Malignant Mesothelioma

This information will help you understand malignant (cancerous) mesothelioma (MEH-zoh-THEE-lee-OH-muh), including risk factors, diagnosis, surgery, and treatment.

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About Mesothelioma

Mesothelioma is a rare type of cancer of the tissue that lines your internal organs. There are a few different types of mesothelioma.

  • Pleural mesothelioma affects your pleura, which is the sac that surrounds your lungs (see Figure 1). This is the most common type of mesothelioma.
Figure 1. Your chest

Figure 1. Your chest and pleural space

  • Peritoneal (PAYR-ih-toh-NEE-ul) mesothelioma affects your peritoneal membrane, which is the tissue that surrounds your abdominal organs (the organs in your belly).
  • Pericardial (PAYR-ih-KAR-dee-ul) mesothelioma affects your pericardium, which is the sac that surrounds your heart (see Figure 1). This type of mesothelioma is rare.
  • Testicular mesothelioma affects the lining of your testicles. This type of mesothelioma is rare.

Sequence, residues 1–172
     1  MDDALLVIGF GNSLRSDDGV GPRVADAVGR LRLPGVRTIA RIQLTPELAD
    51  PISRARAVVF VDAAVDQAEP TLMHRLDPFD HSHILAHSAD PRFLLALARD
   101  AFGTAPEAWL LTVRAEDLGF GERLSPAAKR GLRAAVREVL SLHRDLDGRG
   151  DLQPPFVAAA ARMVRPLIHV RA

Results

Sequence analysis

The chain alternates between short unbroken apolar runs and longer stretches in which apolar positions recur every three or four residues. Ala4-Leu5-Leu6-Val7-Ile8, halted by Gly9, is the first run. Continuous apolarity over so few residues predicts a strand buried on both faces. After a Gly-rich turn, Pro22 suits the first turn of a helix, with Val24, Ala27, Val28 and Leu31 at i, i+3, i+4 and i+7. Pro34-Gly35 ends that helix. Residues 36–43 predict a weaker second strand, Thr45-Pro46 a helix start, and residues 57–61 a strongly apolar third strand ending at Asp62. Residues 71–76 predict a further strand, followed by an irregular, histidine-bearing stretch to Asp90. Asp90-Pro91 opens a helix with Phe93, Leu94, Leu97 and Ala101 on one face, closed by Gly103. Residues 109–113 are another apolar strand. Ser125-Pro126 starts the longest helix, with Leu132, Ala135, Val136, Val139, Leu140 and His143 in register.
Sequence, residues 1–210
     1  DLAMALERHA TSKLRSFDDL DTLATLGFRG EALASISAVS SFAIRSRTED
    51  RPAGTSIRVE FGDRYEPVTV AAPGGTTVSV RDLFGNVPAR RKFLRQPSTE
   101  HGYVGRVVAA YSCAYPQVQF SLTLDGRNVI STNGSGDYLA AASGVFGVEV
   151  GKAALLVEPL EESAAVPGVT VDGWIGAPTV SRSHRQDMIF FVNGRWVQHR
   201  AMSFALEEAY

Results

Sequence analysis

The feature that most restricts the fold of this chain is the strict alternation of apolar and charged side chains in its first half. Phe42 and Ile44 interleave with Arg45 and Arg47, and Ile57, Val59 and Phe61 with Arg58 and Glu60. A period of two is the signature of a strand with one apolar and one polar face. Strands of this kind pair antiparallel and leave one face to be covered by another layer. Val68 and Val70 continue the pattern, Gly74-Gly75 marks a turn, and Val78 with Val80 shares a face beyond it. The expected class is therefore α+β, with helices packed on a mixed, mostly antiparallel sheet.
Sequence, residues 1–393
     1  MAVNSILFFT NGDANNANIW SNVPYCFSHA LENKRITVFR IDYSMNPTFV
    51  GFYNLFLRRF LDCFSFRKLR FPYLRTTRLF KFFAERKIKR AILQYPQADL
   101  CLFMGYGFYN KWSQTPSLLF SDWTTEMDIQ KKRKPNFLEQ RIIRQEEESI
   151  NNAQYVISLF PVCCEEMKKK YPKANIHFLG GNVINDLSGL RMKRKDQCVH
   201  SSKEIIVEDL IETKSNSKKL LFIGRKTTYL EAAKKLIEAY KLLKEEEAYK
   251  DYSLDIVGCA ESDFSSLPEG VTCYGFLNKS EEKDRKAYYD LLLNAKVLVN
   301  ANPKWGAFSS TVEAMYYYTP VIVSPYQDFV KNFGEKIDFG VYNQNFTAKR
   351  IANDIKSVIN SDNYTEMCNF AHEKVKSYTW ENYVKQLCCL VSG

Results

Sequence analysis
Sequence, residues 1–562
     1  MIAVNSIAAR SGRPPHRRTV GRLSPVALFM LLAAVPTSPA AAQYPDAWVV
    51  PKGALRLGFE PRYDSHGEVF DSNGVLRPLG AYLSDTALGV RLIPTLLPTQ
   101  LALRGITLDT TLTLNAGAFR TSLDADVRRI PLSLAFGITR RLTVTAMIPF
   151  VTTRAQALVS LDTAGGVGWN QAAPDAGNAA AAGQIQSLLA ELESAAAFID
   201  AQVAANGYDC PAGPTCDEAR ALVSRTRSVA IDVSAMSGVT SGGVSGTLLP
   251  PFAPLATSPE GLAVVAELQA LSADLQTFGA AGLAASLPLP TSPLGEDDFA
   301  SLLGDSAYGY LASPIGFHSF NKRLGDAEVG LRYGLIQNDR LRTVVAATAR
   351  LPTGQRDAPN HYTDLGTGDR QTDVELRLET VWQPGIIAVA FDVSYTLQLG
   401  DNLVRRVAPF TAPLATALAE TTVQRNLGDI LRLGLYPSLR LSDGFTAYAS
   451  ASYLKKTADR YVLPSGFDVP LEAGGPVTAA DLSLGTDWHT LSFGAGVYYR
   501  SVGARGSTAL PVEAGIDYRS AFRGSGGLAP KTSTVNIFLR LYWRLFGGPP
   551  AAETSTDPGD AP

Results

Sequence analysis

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Risk Factors for Mesothelioma

The main known risk factor for mesothelioma is exposure to asbestos. Asbestos is a mineral fiber that’s found in some older buildings.

People who work in mining, milling, construction, plumbing, heating, insulation, carpentry, electrical, or shipyard work generally have the most exposure to asbestos. They’re at higher risk of developing mesothelioma. Family members of these workers are also at higher risk because they may have been exposed to asbestos in the clothes and hair of the workers. However, people outside of these professions can also develop mesothelioma.

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Diagnosing Mesothelioma

To see if you have mesothelioma, you will have a biopsy. During the biopsy, your healthcare provider will remove a small piece of tissue from the area where the cancer may be. A pathologist will look at the sample of tissue under a microscope to see if it’s cancer.

There are several ways to do a biopsy, including thoracentesis, video-assisted thoracic surgery (VATS), open lung biopsy, or diagnostic laparoscopy (LA-puh-ROS-koh-pee). Your healthcare provider will talk with you about which one is best for you.